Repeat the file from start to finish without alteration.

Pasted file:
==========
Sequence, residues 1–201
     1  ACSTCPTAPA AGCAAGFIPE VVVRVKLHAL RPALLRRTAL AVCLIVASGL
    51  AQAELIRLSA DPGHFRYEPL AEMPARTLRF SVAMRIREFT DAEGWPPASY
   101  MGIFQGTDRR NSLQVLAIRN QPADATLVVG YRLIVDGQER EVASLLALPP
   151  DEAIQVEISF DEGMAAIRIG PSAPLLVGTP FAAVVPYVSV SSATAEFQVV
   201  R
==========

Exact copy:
Sequence, residues 1–201
     1  ACSTCPTAPA AGCAAGFIPE VVVRVKLHAL RPALLRRTAL AVCLIVASGL
    51  AQAELIRLSA DPGHFRYEPL AEMPARTLRF SVAMRIREFT DAEGWPPASY
   101  MGIFQGTDRR NSLQVLAIRN QPADATLVVG YRLIVDGQER EVASLLALPP
   151  DEAIQVEISF DEGMAAIRIG PSAPLLVGTP FAAVVPYVSV SSATAEFQVV
   201  R